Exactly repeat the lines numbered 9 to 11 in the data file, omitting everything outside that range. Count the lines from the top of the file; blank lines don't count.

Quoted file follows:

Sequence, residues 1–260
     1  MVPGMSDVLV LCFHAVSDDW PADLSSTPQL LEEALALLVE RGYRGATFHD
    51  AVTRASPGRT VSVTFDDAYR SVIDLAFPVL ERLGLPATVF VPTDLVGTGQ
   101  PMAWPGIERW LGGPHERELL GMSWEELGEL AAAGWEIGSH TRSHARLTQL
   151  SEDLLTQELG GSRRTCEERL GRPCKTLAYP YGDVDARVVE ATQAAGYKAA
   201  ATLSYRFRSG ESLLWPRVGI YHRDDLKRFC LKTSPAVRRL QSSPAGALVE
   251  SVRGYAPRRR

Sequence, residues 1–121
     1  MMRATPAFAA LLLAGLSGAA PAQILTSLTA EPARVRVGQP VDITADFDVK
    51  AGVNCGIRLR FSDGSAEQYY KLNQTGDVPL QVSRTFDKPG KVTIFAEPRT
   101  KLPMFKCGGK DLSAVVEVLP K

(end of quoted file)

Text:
     1  MMRATPAFAA LLLAGLSGAA PAQILTSLTA EPARVRVGQP VDITADFDVK
    51  AGVNCGIRLR FSDGSAEQYY KLNQTGDVPL QVSRTFDKPG KVTIFAEPRT
   101  KLPMFKCGGK DLSAVVEVLP K